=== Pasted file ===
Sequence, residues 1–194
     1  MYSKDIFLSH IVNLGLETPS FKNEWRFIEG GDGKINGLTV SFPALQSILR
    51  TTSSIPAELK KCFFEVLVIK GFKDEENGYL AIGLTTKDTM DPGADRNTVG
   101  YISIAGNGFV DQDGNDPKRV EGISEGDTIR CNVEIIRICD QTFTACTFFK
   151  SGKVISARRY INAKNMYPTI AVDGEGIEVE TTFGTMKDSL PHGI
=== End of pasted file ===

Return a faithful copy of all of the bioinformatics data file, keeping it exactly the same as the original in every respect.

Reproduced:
Sequence, residues 1–194
     1  MYSKDIFLSH IVNLGLETPS FKNEWRFIEG GDGKINGLTV SFPALQSILR
    51  TTSSIPAELK KCFFEVLVIK GFKDEENGYL AIGLTTKDTM DPGADRNTVG
   101  YISIAGNGFV DQDGNDPKRV EGISEGDTIR CNVEIIRICD QTFTACTFFK
   151  SGKVISARRY INAKNMYPTI AVDGEGIEVE TTFGTMKDSL PHGI